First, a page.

As long ago as 340 B.C. the Greek philosopher Aristotle, in his book On the Heavens, was able to put forward two good arguments for believing that the earth was a round sphere rather than a flat plate.
The most remarkable property of the universe is that it has spawned creatures able to ask questions.
But a machine that was powerful enough to accelerate particles to the grand unification energy would have to be as big as the Solar System—and would be unlikely to be funded in the present economic climate.
Any physical theory is always provisional, in the sense that it is only a hypothesis: you can never prove it. No matter how many times the results of experiments agree with some theory, you can never be sure that the next time the result will not contradict the theory.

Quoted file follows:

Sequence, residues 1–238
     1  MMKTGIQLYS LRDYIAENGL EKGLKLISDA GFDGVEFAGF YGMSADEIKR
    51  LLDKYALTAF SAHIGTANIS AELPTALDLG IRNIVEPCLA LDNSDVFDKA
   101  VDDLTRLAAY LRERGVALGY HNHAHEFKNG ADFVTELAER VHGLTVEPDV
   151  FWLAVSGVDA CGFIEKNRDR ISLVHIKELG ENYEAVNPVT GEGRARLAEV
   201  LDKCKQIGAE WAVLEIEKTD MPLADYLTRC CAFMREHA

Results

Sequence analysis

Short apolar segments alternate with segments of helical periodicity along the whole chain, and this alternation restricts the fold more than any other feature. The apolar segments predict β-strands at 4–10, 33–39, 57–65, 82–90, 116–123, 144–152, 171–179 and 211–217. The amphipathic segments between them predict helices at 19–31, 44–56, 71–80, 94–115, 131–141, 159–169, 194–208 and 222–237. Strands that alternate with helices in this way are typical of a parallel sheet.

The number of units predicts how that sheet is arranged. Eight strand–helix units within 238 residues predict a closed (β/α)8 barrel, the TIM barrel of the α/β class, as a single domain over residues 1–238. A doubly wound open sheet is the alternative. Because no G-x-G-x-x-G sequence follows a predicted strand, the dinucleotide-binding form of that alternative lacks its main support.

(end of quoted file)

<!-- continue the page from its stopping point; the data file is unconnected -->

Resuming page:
The Planck satellite may detect the imprint of the gravitational waves predicted by inflation. This would be quantum gravity written across the sky.
We live in a bewildering world.